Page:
According to the Food and Agriculture Organization of the United Nations, approximately one-third of all food produced globally for human consumption is wasted (about 1.3 billion tonnes). Additionally, approximately 45% of fruit and vegetable crops grown annually get wasted. Such food waste occurs on all levels of the food system, from the farmer, to the harvester, to the processer, to the retailer, and finally to the consumer. Different reasons for food wastage occur at each different level in the food system (and I encourage you to explore some of these reasons in the UN FAO report’s key findings). Among the many reasons for food wastage is the large scale economics of modern agriculture—in other words, in developed nations such as the United States and Australia, large quantities of crops need to be efficiently processed in order to fit the mechanized and standardized rigor of the industrial food system. With a food system as large and agglomerated as it is, business decisions tend to happen on a large scale for economic reasons. A great quantity of food, thus, is liable to fall through the cracks and add to the overall waste in the food system. Though my knowledge is still rudimentary, my recent experiences as a harvester on cherry and lychee farms have given me a bit of insight into how much food gets wasted on the agricultural side of the food system. This has also led me to speculate on ways to reduce food waste and divert some instead to better uses.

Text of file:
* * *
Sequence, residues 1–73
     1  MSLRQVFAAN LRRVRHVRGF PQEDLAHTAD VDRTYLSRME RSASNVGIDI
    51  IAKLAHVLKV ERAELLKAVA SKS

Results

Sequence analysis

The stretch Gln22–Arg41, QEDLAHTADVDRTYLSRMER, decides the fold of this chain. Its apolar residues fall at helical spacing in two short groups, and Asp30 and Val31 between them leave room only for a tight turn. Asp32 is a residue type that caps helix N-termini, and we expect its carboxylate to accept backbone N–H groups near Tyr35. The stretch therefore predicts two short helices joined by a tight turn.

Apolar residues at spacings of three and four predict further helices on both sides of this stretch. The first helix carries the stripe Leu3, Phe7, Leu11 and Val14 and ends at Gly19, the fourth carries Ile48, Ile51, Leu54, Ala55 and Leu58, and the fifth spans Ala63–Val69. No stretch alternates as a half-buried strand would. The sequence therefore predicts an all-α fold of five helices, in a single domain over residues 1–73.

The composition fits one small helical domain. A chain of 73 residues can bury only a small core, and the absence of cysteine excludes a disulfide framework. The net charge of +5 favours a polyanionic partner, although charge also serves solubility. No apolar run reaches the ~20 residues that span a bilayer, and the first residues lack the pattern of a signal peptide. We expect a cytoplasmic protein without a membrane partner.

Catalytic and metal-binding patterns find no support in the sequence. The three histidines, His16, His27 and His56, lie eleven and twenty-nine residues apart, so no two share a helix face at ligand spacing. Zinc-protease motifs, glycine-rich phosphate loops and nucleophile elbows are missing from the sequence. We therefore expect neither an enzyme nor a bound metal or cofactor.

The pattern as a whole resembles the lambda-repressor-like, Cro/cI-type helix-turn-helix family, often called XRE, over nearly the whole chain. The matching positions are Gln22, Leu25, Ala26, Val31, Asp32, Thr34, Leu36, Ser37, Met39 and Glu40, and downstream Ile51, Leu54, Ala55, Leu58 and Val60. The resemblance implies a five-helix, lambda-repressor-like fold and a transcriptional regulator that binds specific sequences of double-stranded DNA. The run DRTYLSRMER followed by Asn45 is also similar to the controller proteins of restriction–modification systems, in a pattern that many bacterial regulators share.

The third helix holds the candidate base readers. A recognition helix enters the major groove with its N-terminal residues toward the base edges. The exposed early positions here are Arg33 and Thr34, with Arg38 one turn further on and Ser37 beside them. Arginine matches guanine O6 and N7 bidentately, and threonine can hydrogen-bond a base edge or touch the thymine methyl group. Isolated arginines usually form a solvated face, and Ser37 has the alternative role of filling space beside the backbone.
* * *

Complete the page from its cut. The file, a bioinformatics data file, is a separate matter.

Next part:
As I mentioned before in an earlier blog post, “Life is (not) Always a Bowl of Cherries”, the fruit at one cherry farm I was picking at suffered extensive damage from steady rain during the harvest season. The primary rain damage entailed split tops where the cherries swelled to the point where the skin burst, and a blue mold was growing on some dense clusters of damaged cherries as well. Cherries with this type of damage are unfit for commercial markets. The delicate skin of the cherry is the fruit’s protective barrier to the agents of the outside world. Once compromised, the cherries will only remain edible for a few more days. However, from my estimate after continuing to pick at the farm, less than one quarter of cherries had been affected by any sort of damage at all—the rest of the cherries survived intact and were suitable for market. Yet, the fruit packer which was buying the cherries from the farm as a bulk commodity decided that there was not a high enough percentage of good fruit to continue to buy the farm’s fruit at the agreed upon rate. Resultingly, although most of the fruit on the trees was still marketable, all of the fruit remaining on the trees was sentenced to rot in the orchard. One large-scale economic move by a large-scale fruit packer resulted in a waste of tonnes of cherries—all because it wasn’t economically efficient to sort the good fruit from the bad.